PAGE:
Francis Wade | Why consultants need to see your watch to tell time
Here's an old joke: 'Ask a consultant what time it is and he'll ask to see your watch.'
This canard contains more than a grain of truth that can be converted into something useful a way for executives to avoid the need for outsider-led interventions.
The executive suite is unlike any other team in a company. Newcomers who believe it's just a slightly different version of other teams experience a rude awakening. New CEOs, for example, discover that team members treat them differently in spite of their efforts to remain 'one of the guys'.
This relationship change has the following two effects:
The first is that people who work for top executives withhold bad news for fear of provoking an unwanted reaction. The second is that leaders who enjoy solving problems on their own learn that habitually doing so leaves others in the dark, unable to understand how or why key decisions are made.
These effects lead to a shared ignorance, which only becomes obvious when a poor decision is made or a company experiences gridlock. That's when a consultant like me gets called in.
What my clients usually don't know is that there is a key, infallible principle I arrive with and use on every engagement: Someone in the organisation already has determined most, if not all, of the right answers. After all, employees have been exposed to the problem for much longer than I have and if they are reasonably committed and intelligent, they will have already cracked it.
This may sound insultingly simple a version of 'using the client's watch to tell the time'. But clients often don't see the factors that prevent the right answer from reaching the attention of those who need it. In Jamaican firms and especially the ones that harbour authoritarian tendencies the problem shows up in the following predictable ways:
1. SOMEONE IS OUT OF FAVOUR
Chief executives often don't have the time management skills to listen to everyone who says they have a solution to a problem. Therefore, they are forced to choose to ignore some, which means that the person with the right answer is sometimes not on the shortlist of favoured insiders. The truths they have to share get lost.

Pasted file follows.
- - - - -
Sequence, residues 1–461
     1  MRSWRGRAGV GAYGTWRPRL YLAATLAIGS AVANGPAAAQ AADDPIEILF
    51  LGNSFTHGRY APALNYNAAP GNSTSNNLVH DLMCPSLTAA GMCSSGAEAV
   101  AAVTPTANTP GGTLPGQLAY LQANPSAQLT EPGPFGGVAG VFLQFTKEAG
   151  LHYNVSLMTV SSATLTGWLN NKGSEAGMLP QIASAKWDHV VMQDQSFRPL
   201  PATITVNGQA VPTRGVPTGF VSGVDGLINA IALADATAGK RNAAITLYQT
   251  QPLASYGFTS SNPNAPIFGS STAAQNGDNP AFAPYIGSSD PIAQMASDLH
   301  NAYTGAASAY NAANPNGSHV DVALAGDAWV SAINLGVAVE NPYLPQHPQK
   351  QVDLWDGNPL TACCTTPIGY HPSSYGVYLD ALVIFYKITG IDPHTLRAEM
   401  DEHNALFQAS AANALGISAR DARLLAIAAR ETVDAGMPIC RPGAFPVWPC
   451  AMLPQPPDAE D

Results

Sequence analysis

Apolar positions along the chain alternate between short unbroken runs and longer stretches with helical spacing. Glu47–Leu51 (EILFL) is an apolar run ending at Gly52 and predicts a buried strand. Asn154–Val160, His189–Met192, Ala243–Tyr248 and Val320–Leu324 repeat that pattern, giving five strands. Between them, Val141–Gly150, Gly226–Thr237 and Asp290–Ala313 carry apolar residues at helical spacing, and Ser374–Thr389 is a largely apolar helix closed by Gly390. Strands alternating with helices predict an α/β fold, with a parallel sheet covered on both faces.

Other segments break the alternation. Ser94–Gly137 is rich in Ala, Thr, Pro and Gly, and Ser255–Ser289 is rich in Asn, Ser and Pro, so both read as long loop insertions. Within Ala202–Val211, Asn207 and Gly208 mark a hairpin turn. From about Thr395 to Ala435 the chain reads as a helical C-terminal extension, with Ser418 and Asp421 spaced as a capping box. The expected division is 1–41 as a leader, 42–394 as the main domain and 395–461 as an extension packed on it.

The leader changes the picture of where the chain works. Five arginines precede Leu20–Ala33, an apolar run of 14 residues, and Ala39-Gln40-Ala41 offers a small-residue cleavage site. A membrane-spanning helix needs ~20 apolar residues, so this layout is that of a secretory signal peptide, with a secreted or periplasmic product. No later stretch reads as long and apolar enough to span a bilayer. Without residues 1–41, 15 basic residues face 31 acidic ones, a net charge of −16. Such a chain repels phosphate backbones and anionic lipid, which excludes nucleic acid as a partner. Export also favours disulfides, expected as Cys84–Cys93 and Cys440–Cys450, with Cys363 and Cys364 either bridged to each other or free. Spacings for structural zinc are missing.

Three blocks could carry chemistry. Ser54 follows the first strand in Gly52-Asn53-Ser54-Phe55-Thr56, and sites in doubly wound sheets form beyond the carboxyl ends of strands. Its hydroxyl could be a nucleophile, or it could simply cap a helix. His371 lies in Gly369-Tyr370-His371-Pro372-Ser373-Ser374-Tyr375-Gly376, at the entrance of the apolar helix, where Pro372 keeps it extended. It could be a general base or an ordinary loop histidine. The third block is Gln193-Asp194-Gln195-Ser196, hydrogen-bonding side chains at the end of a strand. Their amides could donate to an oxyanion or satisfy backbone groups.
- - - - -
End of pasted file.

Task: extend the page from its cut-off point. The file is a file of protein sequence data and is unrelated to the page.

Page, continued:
In other instances, the person is out of favour because the person's credibility is in question, instantly discrediting the individual's solution. The fact is contrarians make people uncomfortable, especially when they refuse to parrot the CEO's point of view in order to curry favour.
Often, my job consists of restoring someone's professional reputation so that that person's message can be heard in the right way.
2. A COMMUNICATION GAP
'Executese' the specific language used by a leadership team varies from one company to another. One of my tasks early in an engagement is to figure out the specific language being used. This is important because the person who has the right answer is often not on the aforementioned shortlist and therefore, using a language that isn't appreciated.
Case in point: A human resource manager who hasn't learned the financial language used by the CEO/CFO/Board. Concerns couched in terms such as 'employee morale' don't get attention, compared to a loaded phrase such as 'financial risk of poor employee performance'.
Often, I need to work with both sides so that the right message can be understood and used.
3. MULTIPLE SUB-SOLUTIONS
In most cases, the issue at hand doesn't lend itself to simplistic solutions that can be popped out of the pages of an MBA textbook. Instead, there are multiple causes, each of which needs its own line of attack.
Unfortunately, this means that different people have partial answers that must be assembled like a puzzle into a coherent whole. This takes time, patience, and bandwidth, which executive teams don't have, or don't know they need to set aside. Putting the pieces together is a task I often have to do. I may help establish urgencies and priorities, but the initial assembly is much harder to complete.
My overall goal is one that my clients sometimes don't realise at all: I aim to create an environment in which the kind of problem I am brought in to solve doesn't recur. This may require any of following on their part: better listening skills, improved time-management skills, an ability to engage employees on a consistent, deep basis.
These issues even persist in executive teams that are actively working on their skills in these areas. They are tough to solve because they are an essential part of working in human organisations staffed with imperfect people. They will never go away completely. Instead, they must be mastered if executives hope to solve their own problems without the need of outside help.
Francis Wade is a management consultant and author of 'Perfect Time-Based Productivity'. To receive a summary of links to past columns or to give feedback, email: email@example.com.